Instead of becoming a licensed producer itself, a company looking to embed insurance on its platform may decide to host a third-party licensed producer. Under this scenario, the company would only provide the platform through which the third-party licensed insurance producer could sell its insurance products, similar to a company hosting a banner advertisement on its website.

If a company decides to pursue this route, the company will face legal limits on how it may market the insurance offerings as well as how it may be compensated. Whether or not licensed as an insurance producer itself, a company will still need to partner with an adequately licensed (or “authorized”) insurance carrier to underwrite the policies.

SaaS Partnership

Although a company may be willing to be licensed as an insurance producer to offer the embedded insurance product on its platform, it may still decide to partner with an insurtech to provide the technology necessary to support the embedded insurance product. In such cases the company will partner directly with the insurance carrier to sell insurance on behalf of the carrier as their agent or broker in exchange for a commission but will also partner with an insurance technology provider to develop and maintain the SaaS infrastructure and APIs necessary to operate the offering. This option may make sense if a company is willing to become fully licensed itself but lacks the technological know-how needed to offer a seamless embedded insurance offering on its platform.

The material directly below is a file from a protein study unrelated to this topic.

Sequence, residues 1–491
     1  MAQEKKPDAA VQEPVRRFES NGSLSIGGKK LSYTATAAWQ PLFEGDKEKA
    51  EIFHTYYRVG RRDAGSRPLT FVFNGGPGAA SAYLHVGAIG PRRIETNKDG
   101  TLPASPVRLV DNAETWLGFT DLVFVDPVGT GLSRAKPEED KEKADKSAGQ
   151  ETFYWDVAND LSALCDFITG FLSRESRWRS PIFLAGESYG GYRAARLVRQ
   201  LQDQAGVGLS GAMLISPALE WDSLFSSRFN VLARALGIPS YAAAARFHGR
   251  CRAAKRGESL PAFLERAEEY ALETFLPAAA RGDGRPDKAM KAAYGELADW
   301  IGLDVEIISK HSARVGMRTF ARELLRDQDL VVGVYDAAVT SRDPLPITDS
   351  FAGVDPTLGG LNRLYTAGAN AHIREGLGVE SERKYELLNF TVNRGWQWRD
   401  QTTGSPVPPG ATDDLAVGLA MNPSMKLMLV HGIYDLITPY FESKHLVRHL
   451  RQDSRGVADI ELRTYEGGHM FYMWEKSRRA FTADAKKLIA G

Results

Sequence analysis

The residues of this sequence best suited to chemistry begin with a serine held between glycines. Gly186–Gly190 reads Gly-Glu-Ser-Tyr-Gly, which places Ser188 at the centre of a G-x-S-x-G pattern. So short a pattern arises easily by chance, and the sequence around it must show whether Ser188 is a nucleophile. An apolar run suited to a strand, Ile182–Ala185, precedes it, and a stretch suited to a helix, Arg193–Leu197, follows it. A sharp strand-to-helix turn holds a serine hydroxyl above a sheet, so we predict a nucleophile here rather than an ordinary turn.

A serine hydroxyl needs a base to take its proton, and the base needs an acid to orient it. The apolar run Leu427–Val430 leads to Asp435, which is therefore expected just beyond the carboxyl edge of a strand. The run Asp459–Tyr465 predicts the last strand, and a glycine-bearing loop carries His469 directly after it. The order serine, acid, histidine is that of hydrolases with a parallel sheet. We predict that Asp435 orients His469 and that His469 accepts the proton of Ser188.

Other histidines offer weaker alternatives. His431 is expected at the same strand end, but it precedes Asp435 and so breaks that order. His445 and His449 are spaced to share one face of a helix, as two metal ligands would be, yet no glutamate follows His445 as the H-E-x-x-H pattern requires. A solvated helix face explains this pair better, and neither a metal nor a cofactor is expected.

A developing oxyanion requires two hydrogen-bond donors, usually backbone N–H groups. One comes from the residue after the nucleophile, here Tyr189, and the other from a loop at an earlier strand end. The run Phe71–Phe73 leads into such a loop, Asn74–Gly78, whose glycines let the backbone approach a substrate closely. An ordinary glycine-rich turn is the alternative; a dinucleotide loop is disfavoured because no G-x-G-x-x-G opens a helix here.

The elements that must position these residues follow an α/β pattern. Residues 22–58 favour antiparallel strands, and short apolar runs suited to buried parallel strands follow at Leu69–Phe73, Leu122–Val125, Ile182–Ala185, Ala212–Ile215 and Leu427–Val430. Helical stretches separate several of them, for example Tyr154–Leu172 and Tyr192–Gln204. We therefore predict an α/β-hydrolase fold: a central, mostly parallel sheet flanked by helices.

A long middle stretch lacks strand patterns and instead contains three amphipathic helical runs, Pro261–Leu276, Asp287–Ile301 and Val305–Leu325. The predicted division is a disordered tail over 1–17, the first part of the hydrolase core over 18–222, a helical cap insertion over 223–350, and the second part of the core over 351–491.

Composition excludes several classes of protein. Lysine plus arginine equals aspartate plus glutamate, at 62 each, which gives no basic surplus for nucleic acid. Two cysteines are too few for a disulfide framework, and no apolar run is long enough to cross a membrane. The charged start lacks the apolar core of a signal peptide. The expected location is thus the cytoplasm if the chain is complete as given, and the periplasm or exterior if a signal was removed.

Full-Stack Insurance Carrier

While the options discussed above remain the most common in the embedded insurance model, companies may also offer embedded insurance as “full-stack” insurance companies. Like an insurance producer, an insurance carrier must, subject to certain exceptions beyond the scope of this article (e.g., on a surplus lines basis), be licensed, or “authorized”, in each state in which insurance policies are placed.